But can studies on fellow humans who already grew up speaking in grammatical syntax reveal anything about the origin of languages? The participants knew they were playing games concocted by the experimenter. At best, Perlman’s idea is heuristic; at worst, purely anecdotal – an outworking of his precommitment to materialistic evolution.  He himself recognizes the limitations of his work, only suggesting that it offers a “glimpse of how language could have evolved” —

But what do these findings say about the bigger question of how the first languages originated? Certainly great caution is warranted in generalizing to the evolution of language from experiments conducted in the laboratory with English-speaking undergraduates or online with Mechanical Turk workers.

But our experiments do show that the human potential to create iconic vocalizations is quite impressive, far exceeding many previous estimates that have influenced scientific theories of language evolution….

Importantly, our claim is not that spoken languages must then have evolved exclusively from vocalizations. Rather, our argument is that there is considerable potential for vocalizations to support the evolution of a spoken symbol system….

Yet even if language has multimodal origins, our study hints at the intriguing possibility that many of the spoken words of modern languages may have long ago been uttered by our ancestors as iconic vocalizations.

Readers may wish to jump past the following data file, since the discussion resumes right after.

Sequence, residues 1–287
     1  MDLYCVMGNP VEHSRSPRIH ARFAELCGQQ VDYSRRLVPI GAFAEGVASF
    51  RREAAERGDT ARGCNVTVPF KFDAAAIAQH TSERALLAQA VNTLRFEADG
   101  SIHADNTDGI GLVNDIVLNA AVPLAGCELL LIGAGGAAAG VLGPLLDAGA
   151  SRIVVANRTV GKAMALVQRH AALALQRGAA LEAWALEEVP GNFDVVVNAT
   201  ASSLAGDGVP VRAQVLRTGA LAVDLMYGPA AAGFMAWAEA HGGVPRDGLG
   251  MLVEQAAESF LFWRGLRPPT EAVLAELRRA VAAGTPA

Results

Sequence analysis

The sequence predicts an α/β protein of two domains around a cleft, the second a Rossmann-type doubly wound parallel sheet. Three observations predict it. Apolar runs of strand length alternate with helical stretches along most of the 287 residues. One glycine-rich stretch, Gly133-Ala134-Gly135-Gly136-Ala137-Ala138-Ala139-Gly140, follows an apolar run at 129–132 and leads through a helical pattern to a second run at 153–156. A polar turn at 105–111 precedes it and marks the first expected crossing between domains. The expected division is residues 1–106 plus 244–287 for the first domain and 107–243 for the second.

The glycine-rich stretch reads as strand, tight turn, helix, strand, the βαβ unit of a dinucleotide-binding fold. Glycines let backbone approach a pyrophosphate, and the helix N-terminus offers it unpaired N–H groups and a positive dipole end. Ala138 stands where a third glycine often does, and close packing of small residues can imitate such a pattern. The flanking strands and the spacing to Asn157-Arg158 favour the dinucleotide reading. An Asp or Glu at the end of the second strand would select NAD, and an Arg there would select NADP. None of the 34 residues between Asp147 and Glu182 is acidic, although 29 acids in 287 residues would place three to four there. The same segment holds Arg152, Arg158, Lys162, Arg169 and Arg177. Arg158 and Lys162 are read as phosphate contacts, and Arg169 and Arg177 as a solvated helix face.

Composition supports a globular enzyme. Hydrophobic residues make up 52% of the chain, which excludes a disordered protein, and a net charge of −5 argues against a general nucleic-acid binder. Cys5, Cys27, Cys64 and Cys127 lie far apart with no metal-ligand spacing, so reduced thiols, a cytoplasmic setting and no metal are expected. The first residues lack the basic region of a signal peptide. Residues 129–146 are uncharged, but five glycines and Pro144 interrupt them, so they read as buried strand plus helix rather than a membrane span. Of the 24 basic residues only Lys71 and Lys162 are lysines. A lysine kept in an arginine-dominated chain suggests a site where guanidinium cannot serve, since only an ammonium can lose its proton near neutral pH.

His statements rank high on the perhapsimaybecouldness index (PCI). If anything, the empirical evidence he cites supports the conclusion that humans are unique. The equipment for language was already present; therefore, language did not evolve. Nevertheless, Perlman’s theory was picked up semi-enthusiastically by the science media as evidence for evolution, despite its debunking of the gesture-origins theory of language:

  • Spoken language could tap into ‘universal code’ (Catherine Matacic at Science Magazine): “Sotaro Kita, a psycholinguist at the University of Warwick in the United Kingdom who was not involved in the study, says the Perlman work is ‘theoretically very important,’ and could ‘knock out’ a common explanation for language evolution: that humans developed gestural language first, and only much later moved on to spoken language. Instead, says Kita, it is much likelier that gestures and spoken language evolved in lockstep.